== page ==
Spread Betting

Spread betting on sports is one of the most exciting ways to trade in play. Essentially, spread betting isn’t that different to other forms of sports betting, yet it seems to deliver far more of a thrill.

Perhaps it’s the fact that you ‘buy’ and ‘sell’ the market – a bit like being a commodities trader, or maybe it’s just the way that the ‘numbers’ moves during the event. Either way, it’s a lot of fun. You do, however, need to understand what spread betting is all about before you enter the marketplace because like all betting and trading, it carries some risk.

One of my favourite markets is the total points market, so we’ll use that as an example, but you can bet on numerous other markets across numerous sports.

Rugby Total Points

This is the market for a Super Rugby match between the Melbourne Rebels and the Auckland Blues. Most spread betting firms will display the markets like this or similar:


Rebel v Blues market view


You can see the ‘Total Points’ market and the ‘Sell / Buy’ heading highlighted in red. In this market you can sell the total points in the game for 51 and buy for 54. The number between the 51 and 54 is known as the spread (‘1 point spread’, ‘2 point spread’ etc.)

Here I want to ‘sell’ for a stake of £10. The bet slip should look similar to this:


sell totals market


Here I want to ‘buy’ for a stake of £10. The bet slip should look similar to this:


buy totals market


With traditional betting, you tend to know what your profit or loss will be at the start of the event because your returns are based on traditional fixed odds. One of the differences with spread betting is that your potential profit or loss are not always known until the match is over or you have traded out.

Scenario 1.

The match finishes with a score of 28-33, a total of 61 points.

If you had bought at 54 for £10 (‘£10 a point’) you would win £70. (The difference between the points total and the buy price – so  61 – 54 = 7. £10 x £7 = £70).

If you had sold at 51 for £10, you would lose £100. (The difference between the points total and the sell price – so  61 – 51 = 10. £10 x 10 = £100).

Scenario 2.

You decide to come out of the match in-play because on-field conditions are deteriorating due to a thunderstorm. The market has also moved in, in anticipation of fewer points and now stands at 30 – 33.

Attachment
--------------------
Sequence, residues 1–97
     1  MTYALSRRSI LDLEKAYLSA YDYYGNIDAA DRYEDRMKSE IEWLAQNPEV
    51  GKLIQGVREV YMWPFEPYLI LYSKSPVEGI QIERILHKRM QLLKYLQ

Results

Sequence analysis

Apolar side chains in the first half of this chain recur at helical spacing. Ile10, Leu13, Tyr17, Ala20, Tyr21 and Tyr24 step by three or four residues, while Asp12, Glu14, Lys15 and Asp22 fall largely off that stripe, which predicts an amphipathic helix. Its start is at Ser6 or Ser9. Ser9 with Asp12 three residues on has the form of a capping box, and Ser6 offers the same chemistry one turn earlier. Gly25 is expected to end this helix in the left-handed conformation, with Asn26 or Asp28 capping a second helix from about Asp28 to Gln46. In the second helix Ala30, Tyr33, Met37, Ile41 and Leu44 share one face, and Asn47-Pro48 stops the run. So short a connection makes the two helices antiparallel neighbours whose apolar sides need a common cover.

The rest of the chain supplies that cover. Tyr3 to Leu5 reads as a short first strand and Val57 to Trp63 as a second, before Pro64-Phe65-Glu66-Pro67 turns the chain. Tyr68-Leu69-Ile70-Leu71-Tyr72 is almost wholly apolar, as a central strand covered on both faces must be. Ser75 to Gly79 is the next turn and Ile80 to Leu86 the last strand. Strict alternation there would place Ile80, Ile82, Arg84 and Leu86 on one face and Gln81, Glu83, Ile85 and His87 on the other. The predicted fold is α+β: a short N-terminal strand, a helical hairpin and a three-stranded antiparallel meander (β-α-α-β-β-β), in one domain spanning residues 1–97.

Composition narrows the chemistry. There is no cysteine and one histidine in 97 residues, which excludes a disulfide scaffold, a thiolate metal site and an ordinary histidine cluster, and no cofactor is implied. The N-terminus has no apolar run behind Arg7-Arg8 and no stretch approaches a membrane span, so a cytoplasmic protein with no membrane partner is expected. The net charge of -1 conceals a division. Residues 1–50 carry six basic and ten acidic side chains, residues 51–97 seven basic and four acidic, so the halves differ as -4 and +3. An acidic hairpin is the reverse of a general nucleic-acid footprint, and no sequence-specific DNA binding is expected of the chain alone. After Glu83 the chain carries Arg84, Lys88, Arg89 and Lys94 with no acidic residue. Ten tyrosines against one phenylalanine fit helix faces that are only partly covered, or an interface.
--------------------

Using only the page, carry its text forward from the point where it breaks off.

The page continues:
In order to trade out of your position, you need to do the opposite ‘action’ of your original trade. If you initially made a ‘buy’, then you now ‘sell’. If you initially made a ‘sell’, then you now ‘buy’.

If you had initially ‘sold’ at 51: You decide to take your profit right away. You sold at 51, so you now buy the market at 33. The difference is 18 (51 – 33). Your profit is £180. (£10 x18).

If you had initially ‘bought’ at 54: You think the total / spread might come in further and so decide to reduce your loss. You bought at 54, so you now sell the market at 30. The difference is 24. Your loss is £240. (£10 x 24).

Effectively, this is like the Cash Out facility available with online bookmakers or trading on the betting exchanges.

Maximum Liabilities

In some markets, like the Total Points market, you can work out your maximum liabilities and adjust your stakes if you want to. In the above example, Rebels v Blues, the worst possible scenario is a 0 – 0 scoreline and therefore a points total of 0. If you had bought the market at 54, you would lose £540. The difference between 0 and 54 = 54. (£10 x 54 = £540).

If you were uncomfortable with that kind of liability, however unlikely the scoreline, then you could reduce your stake from £10 to £5 for instance. Now your maximum loss would be £270. (54 x £5 = £270).

Some other markets work differently and it is not always easy to see what your liabilities might be. Make sure you totally understand your market.

Advantages of Spread Betting

Some of the advantages of spread betting are as follows:

  • Wide choice of markets pre-match and in-play.
  • Your knowledge of sport is rewarded.
  • No concerns regarding liquidity which can be a problem at times on the betting exchanges.
  • Low minimum stakes of ‘pennies’. Currently 10 or 20p ‘per point’.
  • High maximum stakes. Variable depending on the market and situation but up to £500 ‘per point’ not uncommon.

In a sense, spread betting is often about margins, more than just winning or losing. It is about how ‘well’ you win and how ‘badly’ you lose. Spread betting rewards your knowledge of the particular sport or event on which you are betting.

Other Sports and Markets

Football: Some spread betting firms offer 200 pre match markets and 150 in play markets on football. Supremacy, corners, total match goals, total goal minutes, shirt numbers, time of first goal, bookings, relegation index, match performance, group indices, and many more.

Horse Racing: Race position, winning distances,  jockey’s performance, starting price, match bets, race indices, favourites, and more.
Cricket: Player runs / wickets, session runs, team runs, next wicket, 50/100 ups, bowler markets, tournament index, and more.

Rugby: Supremacy, total points, team points, first match try, season points, team shirts, team tries, and more.

Tennis: Match supremacy, cross courts, total games played, index related bets, total aces / double faults, and more.

NFL: Win index, multi points, total points, total touchdowns, quarter points, touchdown minutes, outright index, supremacy and more.

Other sports include: Basketball, Darts, Boxing, Motor Racing, Specials / Entertainment, Golf and Politics.

You can find out about the top spread betting firms here

Good luck with your spread betting.

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